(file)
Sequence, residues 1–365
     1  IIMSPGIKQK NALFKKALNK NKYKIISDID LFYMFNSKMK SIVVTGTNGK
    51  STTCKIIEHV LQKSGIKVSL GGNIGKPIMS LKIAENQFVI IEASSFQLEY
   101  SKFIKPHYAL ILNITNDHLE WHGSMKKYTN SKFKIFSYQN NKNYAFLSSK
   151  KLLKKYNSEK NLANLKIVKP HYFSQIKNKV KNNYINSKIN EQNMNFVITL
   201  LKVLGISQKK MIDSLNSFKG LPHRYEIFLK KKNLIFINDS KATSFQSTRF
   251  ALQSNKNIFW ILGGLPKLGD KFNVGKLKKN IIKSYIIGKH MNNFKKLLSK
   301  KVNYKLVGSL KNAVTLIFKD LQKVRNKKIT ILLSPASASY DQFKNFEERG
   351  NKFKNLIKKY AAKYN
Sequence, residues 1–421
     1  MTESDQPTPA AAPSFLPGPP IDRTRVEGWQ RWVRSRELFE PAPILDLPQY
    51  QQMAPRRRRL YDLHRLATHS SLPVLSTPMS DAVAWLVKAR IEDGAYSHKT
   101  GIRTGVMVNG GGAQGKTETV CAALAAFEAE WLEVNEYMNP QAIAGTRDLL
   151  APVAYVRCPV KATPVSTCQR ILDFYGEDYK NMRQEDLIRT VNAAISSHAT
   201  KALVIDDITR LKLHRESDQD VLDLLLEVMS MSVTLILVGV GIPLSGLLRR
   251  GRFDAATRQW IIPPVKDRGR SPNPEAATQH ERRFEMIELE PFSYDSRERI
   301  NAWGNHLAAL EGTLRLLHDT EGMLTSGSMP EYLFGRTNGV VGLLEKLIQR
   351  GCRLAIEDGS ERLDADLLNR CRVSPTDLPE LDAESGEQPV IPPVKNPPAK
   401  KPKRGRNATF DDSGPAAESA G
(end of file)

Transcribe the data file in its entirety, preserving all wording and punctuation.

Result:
Sequence, residues 1–365
     1  IIMSPGIKQK NALFKKALNK NKYKIISDID LFYMFNSKMK SIVVTGTNGK
    51  STTCKIIEHV LQKSGIKVSL GGNIGKPIMS LKIAENQFVI IEASSFQLEY
   101  SKFIKPHYAL ILNITNDHLE WHGSMKKYTN SKFKIFSYQN NKNYAFLSSK
   151  KLLKKYNSEK NLANLKIVKP HYFSQIKNKV KNNYINSKIN EQNMNFVITL
   201  LKVLGISQKK MIDSLNSFKG LPHRYEIFLK KKNLIFINDS KATSFQSTRF
   251  ALQSNKNIFW ILGGLPKLGD KFNVGKLKKN IIKSYIIGKH MNNFKKLLSK
   301  KVNYKLVGSL KNAVTLIFKD LQKVRNKKIT ILLSPASASY DQFKNFEERG
   351  NKFKNLIKKY AAKYN
Sequence, residues 1–421
     1  MTESDQPTPA AAPSFLPGPP IDRTRVEGWQ RWVRSRELFE PAPILDLPQY
    51  QQMAPRRRRL YDLHRLATHS SLPVLSTPMS DAVAWLVKAR IEDGAYSHKT
   101  GIRTGVMVNG GGAQGKTETV CAALAAFEAE WLEVNEYMNP QAIAGTRDLL
   151  APVAYVRCPV KATPVSTCQR ILDFYGEDYK NMRQEDLIRT VNAAISSHAT
   201  KALVIDDITR LKLHRESDQD VLDLLLEVMS MSVTLILVGV GIPLSGLLRR
   251  GRFDAATRQW IIPPVKDRGR SPNPEAATQH ERRFEMIELE PFSYDSRERI
   301  NAWGNHLAAL EGTLRLLHDT EGMLTSGSMP EYLFGRTNGV VGLLEKLIQR
   351  GCRLAIEDGS ERLDADLLNR CRVSPTDLPE LDAESGEQPV IPPVKNPPAK
   401  KPKRGRNATF DDSGPAAESA G